Chronic fatigue syndrome documentary UNREST to screen in Newcastle | WATCH THE TRAILER

UNREST: Jennifer Brea directed a Sundance award-winning documentary about her search for answers while battling chronic fatigue syndrome. The film will screen at the University of Newcastle on November 11.
UNREST: Jennifer Brea directed a Sundance award-winning documentary about her search for answers while battling chronic fatigue syndrome. The film will screen at the University of Newcastle on November 11.

WAYNE Andrews says he is alive, but not living, and the harder he pushes himself, the worse the payback.

The 52-year-old Hunter man has battled chronic fatigue syndrome since he was 29.

It had “disintegrated” his first marriage, and left him unable to be the parent he wanted to be.

“It is a very isolating illness,” he said.

“I used to be an extremely fit man, I used to surf every week, bush walk, play tennis, and I can’t do anything now that I used to enjoy. It really is as though I’m stuck in solitary confinement now.”

About 104,000 people in Australia suffer from chronic fatigue syndrome, a neuroimmune condition marked by symptoms such as “unrelenting exhaustion,” muscle pain, brain function and digestive problems.

Mr Andrews hoped a screening of the Sundance award-winning documentary, UNREST, at Newcastle University on Saturday would raise awareness of the debilitating and misunderstood condition.

Local chronic fatigue syndrome researcher, Professor Tim Roberts, will speak about the condition and host a Q&A session at the screening at 5pm on November 11.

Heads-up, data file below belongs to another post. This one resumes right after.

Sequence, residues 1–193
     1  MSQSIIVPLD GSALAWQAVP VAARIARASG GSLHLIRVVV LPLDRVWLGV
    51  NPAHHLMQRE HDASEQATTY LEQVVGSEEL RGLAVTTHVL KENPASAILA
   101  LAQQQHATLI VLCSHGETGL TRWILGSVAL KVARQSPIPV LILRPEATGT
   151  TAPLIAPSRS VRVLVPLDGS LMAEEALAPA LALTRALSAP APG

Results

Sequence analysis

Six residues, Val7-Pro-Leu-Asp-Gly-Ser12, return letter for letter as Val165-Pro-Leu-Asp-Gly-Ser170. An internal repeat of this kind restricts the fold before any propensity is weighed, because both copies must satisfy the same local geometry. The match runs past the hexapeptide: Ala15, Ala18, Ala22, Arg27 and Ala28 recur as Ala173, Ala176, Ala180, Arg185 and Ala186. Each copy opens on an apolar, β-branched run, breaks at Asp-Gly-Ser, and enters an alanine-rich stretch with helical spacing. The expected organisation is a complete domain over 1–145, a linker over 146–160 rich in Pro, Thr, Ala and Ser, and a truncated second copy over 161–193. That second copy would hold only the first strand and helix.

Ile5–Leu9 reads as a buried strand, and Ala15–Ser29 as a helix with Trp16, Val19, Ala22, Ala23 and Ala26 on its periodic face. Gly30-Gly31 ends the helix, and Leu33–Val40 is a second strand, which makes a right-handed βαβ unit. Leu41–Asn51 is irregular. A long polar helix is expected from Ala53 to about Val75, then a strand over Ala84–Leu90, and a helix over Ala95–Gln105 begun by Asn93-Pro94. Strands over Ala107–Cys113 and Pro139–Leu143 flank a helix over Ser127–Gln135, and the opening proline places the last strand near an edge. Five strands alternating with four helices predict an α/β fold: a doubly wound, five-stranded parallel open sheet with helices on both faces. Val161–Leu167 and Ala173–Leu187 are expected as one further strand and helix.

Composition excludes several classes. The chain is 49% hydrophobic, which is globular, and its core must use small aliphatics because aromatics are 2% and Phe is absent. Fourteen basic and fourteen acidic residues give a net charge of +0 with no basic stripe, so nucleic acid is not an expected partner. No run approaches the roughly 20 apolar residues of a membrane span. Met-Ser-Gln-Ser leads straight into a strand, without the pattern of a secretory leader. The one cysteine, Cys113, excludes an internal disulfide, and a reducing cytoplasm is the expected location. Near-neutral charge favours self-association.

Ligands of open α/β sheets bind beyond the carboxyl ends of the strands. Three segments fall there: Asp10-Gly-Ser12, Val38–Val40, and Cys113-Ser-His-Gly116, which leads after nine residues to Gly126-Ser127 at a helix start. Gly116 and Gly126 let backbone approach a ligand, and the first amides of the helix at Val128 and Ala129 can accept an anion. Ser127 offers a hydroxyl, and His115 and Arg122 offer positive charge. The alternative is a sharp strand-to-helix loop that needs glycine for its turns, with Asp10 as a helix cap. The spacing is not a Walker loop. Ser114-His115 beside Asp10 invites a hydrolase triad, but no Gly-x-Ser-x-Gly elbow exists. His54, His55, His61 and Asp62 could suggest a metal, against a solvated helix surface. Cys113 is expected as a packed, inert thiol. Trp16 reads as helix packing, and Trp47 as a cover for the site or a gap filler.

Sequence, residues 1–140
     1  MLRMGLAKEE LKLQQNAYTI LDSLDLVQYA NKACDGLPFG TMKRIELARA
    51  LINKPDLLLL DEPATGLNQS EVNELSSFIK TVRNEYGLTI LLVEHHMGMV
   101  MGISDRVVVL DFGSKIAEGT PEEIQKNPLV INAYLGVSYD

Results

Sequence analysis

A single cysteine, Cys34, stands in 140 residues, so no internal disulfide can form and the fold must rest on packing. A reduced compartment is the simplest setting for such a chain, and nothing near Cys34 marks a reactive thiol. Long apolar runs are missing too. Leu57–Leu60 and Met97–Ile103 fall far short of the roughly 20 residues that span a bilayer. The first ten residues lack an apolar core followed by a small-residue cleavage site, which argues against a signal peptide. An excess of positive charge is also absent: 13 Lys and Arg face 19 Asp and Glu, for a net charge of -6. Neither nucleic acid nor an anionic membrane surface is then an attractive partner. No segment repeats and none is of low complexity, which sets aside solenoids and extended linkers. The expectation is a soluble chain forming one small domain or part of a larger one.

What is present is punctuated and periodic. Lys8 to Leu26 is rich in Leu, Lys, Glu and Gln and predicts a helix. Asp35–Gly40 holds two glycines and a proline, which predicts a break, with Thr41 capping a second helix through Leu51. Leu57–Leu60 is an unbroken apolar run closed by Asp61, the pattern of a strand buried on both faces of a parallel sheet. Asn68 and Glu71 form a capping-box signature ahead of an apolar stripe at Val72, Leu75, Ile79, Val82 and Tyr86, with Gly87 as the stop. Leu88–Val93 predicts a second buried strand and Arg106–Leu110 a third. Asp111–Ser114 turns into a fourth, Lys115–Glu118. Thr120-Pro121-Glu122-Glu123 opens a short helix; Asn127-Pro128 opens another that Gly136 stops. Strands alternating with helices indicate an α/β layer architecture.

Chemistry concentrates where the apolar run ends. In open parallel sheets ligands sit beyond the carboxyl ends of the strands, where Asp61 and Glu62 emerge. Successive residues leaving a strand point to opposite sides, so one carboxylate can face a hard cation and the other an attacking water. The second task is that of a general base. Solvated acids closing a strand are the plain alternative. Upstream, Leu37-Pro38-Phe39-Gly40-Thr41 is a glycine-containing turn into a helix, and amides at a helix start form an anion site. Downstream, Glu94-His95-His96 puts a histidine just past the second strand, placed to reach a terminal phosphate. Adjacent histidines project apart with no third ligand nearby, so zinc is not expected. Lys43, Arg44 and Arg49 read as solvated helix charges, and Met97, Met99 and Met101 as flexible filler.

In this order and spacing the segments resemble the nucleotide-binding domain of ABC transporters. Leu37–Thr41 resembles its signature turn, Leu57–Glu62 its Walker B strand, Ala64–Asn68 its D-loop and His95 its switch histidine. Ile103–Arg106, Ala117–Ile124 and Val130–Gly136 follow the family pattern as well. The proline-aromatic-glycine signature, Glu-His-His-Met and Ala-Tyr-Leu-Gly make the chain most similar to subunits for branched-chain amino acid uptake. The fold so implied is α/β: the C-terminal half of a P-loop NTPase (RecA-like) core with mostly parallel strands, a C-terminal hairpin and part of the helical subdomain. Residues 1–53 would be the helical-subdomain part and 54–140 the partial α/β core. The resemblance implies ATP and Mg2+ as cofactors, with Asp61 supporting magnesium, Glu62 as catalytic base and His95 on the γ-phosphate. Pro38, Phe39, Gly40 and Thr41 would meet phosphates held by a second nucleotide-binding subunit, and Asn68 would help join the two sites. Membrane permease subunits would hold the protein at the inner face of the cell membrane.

The film follows the story of Jennifer Brea, a 28-year-old PhD student at Harvard who is months away from getting married when she gets a mysterious fever that leaves her bedridden, and looking for answers.

Disbelieved by doctors, she turns the camera on herself to find there are millions of people worldwide who are confined to their homes and bedrooms by myalgic encephalomyelitis – commonly known as chronic fatigue syndrome.

“It effects every cell in your entire body,” Mr Andrews said.

“GPs aren’t taught much about this illness, and the really arrogant ones will say this disease doesn’t exist, but that’s because they have no answers.

“When you run out of energy, it’s like your battery has just gone completely flat and you just can’t function.

“There is nothing that I used to enjoy in my former life that I can do now.”

He would like to see the federal government sink some money into the under-researched illness.

“It’s hard to enjoy yourself when you are always having to hold back,” he said.